P1363. ARTUR SCHNABEL: 'Hammerklavier' Sonata #29 in B-flat, Op. 106; Seven Bagatelles (both Beethoven), recorded 1935 & 1938. (Canada) St Laurent Studio YSL 78-1052. Transfers by Yves St Laurent.
“In its sheer scale, density of thought and technical requirements, the ‘Hammerklavier’ presents a more severe test of a pianist's capabilities than any other of Beethoven's 32 piano sonatas. The trio of sonatas that followed it - Op 109, 110 and 111 - may be more elusive and require a very special musical eloquence to illuminate all their facets, but Op 106, composed in 1817 and 1818, tests every aspect of a pianist's art, almost to the point of destruction.
If the last three sonatas are about reflection and the different kinds of poetic resolution a composer can achieve, this work deals unashamedly in confrontation, generating tensions that can't be resolved in any other way than in the gigantic explosion of the final fugue, whose deliberately clashing sonorities and raw-edged piano sound create a music that it is impossible to prettify. Yet the great slow movement, with its arching melodic lines and bewitching harmonic shifts, demands a different kind of authority altogether; and it's the fusion of these two worlds in the sonata that is unique even in late Beethoven.
The work has inevitably tempted almost all the significant pianists of the last 100 years, yet even some of the greatest fail to bring it off triumphantly; Artur Schnabel, for instance, whose reputation rests, in large part, upon his recordings of the Beethoven sonatas, is not at his most convincing in the ‘Hammerklavier’, where the sheer difficulties of the piano writing seem to destroy his poise.
Of all the more or less ‘historic’ versions, the one by Solomon recorded in 1956, comes closest to the ideal, centered upon the most moving account of the slow movement yet put on disc, and with sound that has come up miraculously well in its CD transfer.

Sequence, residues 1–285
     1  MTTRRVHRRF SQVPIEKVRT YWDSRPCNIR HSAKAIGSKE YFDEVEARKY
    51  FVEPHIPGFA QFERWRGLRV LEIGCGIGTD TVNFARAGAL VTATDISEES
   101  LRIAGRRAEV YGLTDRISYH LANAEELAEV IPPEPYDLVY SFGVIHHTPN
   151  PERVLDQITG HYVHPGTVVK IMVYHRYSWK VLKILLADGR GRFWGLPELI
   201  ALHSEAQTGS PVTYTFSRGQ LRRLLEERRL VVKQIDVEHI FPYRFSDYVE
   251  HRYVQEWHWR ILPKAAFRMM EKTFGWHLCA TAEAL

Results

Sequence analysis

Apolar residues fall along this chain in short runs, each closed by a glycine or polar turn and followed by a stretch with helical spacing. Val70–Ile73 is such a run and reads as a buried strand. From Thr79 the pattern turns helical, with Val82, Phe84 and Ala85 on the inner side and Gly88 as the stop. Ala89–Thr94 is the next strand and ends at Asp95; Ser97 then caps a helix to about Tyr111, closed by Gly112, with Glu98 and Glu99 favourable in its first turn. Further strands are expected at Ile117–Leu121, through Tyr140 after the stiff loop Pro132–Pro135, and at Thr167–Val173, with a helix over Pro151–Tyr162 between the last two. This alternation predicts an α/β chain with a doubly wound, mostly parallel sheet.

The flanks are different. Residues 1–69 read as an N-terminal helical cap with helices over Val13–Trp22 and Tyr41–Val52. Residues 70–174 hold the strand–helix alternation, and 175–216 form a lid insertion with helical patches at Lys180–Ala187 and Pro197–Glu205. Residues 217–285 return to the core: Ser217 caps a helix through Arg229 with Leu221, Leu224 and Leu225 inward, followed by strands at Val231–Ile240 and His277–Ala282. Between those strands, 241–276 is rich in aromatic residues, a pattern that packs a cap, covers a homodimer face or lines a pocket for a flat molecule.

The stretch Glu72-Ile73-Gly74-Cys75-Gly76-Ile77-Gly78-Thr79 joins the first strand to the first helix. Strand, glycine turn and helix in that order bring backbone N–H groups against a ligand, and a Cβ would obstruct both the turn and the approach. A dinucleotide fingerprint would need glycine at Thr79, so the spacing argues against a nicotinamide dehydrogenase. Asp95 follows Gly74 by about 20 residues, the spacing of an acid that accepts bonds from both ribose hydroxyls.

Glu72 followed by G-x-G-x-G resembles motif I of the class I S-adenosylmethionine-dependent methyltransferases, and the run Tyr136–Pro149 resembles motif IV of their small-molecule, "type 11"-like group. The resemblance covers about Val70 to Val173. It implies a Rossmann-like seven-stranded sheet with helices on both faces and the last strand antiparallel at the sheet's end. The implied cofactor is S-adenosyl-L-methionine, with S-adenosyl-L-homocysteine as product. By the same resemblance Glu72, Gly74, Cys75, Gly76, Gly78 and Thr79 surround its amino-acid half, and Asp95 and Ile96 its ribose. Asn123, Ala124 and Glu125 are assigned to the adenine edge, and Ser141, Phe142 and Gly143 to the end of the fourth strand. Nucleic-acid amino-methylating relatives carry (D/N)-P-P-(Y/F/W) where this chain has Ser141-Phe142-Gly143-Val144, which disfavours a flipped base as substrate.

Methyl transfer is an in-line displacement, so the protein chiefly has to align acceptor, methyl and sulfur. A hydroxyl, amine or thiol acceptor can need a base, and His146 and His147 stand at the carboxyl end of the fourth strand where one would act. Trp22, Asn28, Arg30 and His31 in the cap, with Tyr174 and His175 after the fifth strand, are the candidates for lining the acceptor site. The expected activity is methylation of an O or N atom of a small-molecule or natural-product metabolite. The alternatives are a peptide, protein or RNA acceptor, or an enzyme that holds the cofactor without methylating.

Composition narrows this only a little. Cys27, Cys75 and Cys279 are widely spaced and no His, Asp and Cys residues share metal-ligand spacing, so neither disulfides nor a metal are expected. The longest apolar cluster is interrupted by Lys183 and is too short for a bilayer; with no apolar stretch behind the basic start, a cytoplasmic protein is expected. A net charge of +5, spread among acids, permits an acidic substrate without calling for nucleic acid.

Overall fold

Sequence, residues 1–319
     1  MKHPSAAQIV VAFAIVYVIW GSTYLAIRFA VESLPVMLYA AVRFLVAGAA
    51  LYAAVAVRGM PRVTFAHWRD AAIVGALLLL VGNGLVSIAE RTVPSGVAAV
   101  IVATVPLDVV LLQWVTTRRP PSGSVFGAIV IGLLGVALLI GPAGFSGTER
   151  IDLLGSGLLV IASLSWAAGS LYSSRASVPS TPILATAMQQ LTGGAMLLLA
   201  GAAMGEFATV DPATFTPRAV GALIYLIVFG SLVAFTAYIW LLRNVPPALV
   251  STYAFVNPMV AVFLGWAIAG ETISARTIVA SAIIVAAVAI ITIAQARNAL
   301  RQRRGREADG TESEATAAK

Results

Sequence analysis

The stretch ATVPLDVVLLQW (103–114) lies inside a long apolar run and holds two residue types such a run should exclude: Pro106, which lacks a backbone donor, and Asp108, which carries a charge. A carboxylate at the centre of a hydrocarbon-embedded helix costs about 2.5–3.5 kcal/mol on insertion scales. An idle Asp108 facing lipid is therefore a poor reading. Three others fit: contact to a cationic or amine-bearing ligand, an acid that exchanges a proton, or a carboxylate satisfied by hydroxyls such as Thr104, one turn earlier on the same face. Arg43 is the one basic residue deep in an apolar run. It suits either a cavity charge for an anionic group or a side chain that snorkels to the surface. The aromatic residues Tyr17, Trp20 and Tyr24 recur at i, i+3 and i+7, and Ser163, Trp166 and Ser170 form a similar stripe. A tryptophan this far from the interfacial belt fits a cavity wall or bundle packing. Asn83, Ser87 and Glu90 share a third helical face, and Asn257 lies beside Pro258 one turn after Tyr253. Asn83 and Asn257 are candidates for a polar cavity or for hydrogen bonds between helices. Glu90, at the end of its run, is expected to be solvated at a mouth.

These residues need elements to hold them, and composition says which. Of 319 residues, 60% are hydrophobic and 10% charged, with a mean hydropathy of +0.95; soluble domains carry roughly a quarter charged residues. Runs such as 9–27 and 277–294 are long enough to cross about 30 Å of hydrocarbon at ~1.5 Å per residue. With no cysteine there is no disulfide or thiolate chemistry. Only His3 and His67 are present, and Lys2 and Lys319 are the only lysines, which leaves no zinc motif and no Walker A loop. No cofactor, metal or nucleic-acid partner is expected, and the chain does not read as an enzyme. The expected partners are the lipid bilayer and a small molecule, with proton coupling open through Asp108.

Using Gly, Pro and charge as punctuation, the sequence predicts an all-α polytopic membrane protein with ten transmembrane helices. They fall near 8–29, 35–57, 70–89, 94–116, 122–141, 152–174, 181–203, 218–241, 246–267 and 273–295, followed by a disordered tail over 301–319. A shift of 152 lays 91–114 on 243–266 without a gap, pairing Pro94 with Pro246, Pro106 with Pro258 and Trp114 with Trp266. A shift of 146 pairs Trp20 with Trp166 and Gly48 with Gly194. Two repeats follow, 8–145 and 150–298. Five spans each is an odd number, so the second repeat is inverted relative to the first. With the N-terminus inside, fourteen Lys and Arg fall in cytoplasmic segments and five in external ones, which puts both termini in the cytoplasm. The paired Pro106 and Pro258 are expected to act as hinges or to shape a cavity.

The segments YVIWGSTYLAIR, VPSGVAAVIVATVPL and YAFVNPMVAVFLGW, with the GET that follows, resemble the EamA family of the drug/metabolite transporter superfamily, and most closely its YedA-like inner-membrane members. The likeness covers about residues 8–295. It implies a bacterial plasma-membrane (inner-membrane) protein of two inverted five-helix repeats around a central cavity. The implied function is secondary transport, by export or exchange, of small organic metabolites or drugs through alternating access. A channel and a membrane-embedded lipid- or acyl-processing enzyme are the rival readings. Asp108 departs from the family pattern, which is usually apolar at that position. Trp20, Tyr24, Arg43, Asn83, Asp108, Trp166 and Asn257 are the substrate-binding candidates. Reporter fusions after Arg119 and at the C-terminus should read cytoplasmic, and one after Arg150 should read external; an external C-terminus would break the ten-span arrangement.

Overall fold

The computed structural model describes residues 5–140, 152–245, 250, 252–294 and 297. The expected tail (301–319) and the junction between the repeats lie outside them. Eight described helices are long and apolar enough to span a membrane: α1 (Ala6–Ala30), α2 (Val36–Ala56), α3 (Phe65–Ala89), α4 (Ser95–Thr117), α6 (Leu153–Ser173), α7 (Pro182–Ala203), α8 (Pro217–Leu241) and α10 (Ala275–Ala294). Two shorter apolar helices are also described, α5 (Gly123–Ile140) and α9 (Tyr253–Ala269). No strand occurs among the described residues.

I would be more than happy to live with that version to the exclusion of all others, but there are a number of more modern versions that match its profoundity and have a marginally better piano sound, with a list of contenders that includes many of the supreme keyboard artists of our time - Svitatoslav Richter, Emil Gilels, Alfred Brendel, Maruzio Pollini, Daniel Barenboim, Claudio Arrau and Richard Goode.”
- GRAMOPHONE, 21 Jan., 2000
“The more I hear of Schnabel's Beethoven, the less I desire to hear other pianists in this literature. I know that this is a narrow-minded attitude, but I have never heard any other pianist who could approach this kind of vital and profound music-making. Much has been said about Schnabel's supremacy in the late Sonatas, but his mastery of these early works is also supreme. He brings to these works a sparkle and restless vitality in the fast movements that makes the music come alive as no one else can. And he has the courage to respect the extreme slow tempi of the slow movements. The Rondo a capricio ‘Rage over a Lost Penny’ is breathtaking in its drive, yet all the charm and wit of the piece is there. Once you hear Schnabel, no one else will do."
- Ralph J. Steinberg
“Schnabel was known for championing the then-neglected sonatas of Schubert and, even more so, Beethoven, including his more challenging late works. Schnabel did much to popularize Beethoven's piano music, making the first complete recording of the sonatas, completing the set for the British label HMV in 1935. This set of recordings has never been out of print, and is considered by many to be the touchstone of Beethoven sonata interpretations, though shortcomings in finger technique mar many performances of fast movements. (Sergei Rachmaninoff is supposed to have referred to him as ‘the great adagio pianist’). It has been said that he suffered greatly from nerves when recording; in a more private setting, his technique was impeccable. Claudio Arrau has said that Schnabel's live performances during the 1920s were technically ‘flawless’. He also recorded all the Beethoven piano concerti.”
[Regarding] “the agony of recording, Artur Schnabel disliked the idea and the reality was even worse when he began to sit before a microphone to document all of Beethoven’s Thirty-Two Piano Sonatas. A painful listening experience that lasts unto this day. As an example of how poor [E.M.I.] restoration can affect perception of a performance we find a conversation with the pianist Murray Perahia focusing on the ‘Hammerklavier’ Sonata (Op.106)’s slow movement. In all likelihood, the result of heavy filtering”
- Allan Evans
“Each of these disks, from Canadian engineer Yves St Laurent… [feature] St Laurent's natural transfer – made without filtering, like all his dubbings – it is easy to listen to, despite the surface noise.”
- Tully Potter, CLASSICAL RECORD QUARTERLY, Summer, 2011